The executive order directs the way specific government agencies should be involved in AI regulation going forward. The National Institute of Standards and Technology will lead the way on establishing standards for red team testing for high-risk AI foundation models. The Department of Homeland Security will be responsible for applying those standards in critical infrastructure sectors and will create an AI Safety and Security Board. AI threats to critical infrastructure and other major risks will be the purview of the Department of Energy and the Department of Homeland Security.

SEE: It’s important to balance the benefits of AI with the downsides of the “dehumanization” of work, Gartner says. (TechRepublic)

The federal AI Cyber Challenge will be used as groundwork for an advanced cybersecurity program to discover and mitigate vulnerabilities in critical software.

The National Security Council and White House Chief of Staff will work on a National Security Memorandum to direct future guidelines for the federal government related to AI, particularly in the military and intelligence agencies. The National Science Foundation will work with a Research Coordination Network to advance work on privacy-related research and technologies.

The Department of Justice and federal civil rights officers will coordinate on combating algorithm-based discrimination.

“Recommendations are not regulations, and without mandates, it’s hard to see a path towards accountability when it comes to regulating AI,” Forrester Senior Analyst Alla Valente told TechRepublic in an email. “Let’s recall that when Colonial Pipeline experienced a ransomware attack that triggered a domino effect of negative consequences, pipeline operators had cybersecurity guidelines that were voluntary, not mandatory.”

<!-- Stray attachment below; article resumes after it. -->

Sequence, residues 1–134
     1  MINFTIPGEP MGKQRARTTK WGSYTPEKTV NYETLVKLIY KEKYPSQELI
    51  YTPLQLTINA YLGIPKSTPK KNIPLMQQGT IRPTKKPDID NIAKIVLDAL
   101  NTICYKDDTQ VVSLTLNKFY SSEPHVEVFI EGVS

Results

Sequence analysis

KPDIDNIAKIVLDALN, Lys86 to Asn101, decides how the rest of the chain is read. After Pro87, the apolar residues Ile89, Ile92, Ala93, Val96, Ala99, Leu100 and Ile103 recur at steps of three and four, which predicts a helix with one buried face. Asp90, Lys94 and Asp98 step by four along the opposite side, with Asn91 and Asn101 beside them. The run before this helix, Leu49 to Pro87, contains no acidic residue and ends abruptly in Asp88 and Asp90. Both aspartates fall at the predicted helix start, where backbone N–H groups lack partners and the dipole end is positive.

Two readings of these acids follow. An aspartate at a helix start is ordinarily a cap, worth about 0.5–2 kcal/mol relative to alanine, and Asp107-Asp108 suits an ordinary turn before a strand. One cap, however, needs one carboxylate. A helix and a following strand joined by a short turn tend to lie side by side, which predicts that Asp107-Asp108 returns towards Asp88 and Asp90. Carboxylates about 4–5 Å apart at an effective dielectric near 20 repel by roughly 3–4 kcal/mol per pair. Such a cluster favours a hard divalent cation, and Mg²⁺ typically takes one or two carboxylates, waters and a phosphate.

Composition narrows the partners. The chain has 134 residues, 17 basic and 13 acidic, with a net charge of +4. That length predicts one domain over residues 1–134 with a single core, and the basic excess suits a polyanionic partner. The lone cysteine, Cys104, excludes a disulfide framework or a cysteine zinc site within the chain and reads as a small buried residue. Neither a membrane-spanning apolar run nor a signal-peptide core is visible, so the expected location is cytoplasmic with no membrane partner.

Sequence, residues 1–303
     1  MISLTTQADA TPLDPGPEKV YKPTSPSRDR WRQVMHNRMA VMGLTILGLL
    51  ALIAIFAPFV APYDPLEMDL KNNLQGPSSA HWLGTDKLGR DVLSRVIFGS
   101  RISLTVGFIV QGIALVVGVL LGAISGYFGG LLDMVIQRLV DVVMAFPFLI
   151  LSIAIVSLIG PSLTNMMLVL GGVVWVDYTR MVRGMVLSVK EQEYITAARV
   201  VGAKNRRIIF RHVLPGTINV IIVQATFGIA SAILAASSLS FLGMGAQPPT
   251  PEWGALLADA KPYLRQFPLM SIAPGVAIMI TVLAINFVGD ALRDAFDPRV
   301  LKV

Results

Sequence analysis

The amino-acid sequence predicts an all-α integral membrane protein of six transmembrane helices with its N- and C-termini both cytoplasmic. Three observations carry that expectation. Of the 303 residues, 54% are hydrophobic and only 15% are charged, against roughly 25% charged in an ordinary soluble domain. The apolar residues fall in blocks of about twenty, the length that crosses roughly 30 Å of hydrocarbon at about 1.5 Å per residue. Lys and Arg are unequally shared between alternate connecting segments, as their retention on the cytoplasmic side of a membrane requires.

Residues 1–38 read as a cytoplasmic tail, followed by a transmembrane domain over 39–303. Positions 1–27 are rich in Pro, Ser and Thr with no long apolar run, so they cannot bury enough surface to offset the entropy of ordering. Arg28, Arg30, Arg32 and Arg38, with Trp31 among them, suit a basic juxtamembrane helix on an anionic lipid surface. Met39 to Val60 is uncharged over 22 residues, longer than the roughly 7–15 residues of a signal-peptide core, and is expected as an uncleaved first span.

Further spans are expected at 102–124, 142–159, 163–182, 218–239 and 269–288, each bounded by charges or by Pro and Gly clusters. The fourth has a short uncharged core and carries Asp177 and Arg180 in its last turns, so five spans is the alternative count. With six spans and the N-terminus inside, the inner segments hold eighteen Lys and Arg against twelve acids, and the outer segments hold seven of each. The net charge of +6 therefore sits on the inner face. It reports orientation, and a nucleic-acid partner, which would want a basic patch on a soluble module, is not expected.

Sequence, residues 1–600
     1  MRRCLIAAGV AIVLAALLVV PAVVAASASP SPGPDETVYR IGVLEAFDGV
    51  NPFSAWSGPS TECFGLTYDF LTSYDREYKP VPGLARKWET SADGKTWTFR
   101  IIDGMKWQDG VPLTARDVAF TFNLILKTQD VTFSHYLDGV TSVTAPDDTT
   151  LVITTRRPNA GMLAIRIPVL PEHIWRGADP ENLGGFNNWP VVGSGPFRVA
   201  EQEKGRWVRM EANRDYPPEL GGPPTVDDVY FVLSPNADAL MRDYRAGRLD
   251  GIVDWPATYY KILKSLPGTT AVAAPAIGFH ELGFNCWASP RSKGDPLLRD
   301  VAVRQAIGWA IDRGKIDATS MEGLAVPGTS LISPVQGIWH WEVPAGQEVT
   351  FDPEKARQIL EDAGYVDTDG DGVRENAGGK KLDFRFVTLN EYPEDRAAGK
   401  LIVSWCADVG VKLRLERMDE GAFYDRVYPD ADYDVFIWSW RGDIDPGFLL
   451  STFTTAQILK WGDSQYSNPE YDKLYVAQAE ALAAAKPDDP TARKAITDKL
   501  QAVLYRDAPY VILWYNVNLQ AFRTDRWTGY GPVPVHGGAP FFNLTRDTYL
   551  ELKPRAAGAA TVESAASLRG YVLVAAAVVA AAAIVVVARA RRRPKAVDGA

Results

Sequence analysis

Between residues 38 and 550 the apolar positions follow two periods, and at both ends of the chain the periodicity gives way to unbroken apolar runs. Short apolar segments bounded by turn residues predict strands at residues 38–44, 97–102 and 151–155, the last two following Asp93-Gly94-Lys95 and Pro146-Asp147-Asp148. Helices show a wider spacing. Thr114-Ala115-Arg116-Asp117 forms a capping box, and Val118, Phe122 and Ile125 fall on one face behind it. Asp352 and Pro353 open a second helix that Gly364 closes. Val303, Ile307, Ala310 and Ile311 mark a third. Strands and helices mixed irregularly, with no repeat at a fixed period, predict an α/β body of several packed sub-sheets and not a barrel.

She compared the executive order to the EU AI Act, which offers a more “risk-based” approach.

“For this executive order to have teeth, requirements must be clear, and actions must be mandated when it comes to ensuring safe and compliant AI practices,” Valente said. “Otherwise, the order will be simply more suggestions that will be ignored by those standing to benefit from them most.”

“We believe reasonable regulatory oversight is inevitable for AI, just as we’ve seen implemented for broadcasting, aviation, pharmaceuticals — all the key transformative tech of the past 150 years,” wrote Graham Glass, CEO of AI education company CYPHER Learning, in an email to TechRepublic. “Compliance with eventual ‘rules of [the] road’ for AI will improve with international coordination.”

Global discussions of AI safety continue

U.K. Prime Minister Rishi Sunak stated on Oct. 26 that he would set up a governmental body to assess risks from AI. The research network would include buy-in from multiple countries, including China. The U.K. will hold an AI Safety Summit on November 1 and November 2, where international governments will discuss the safety and risks of generative AI. The EU is still working on finalizing its AI Act.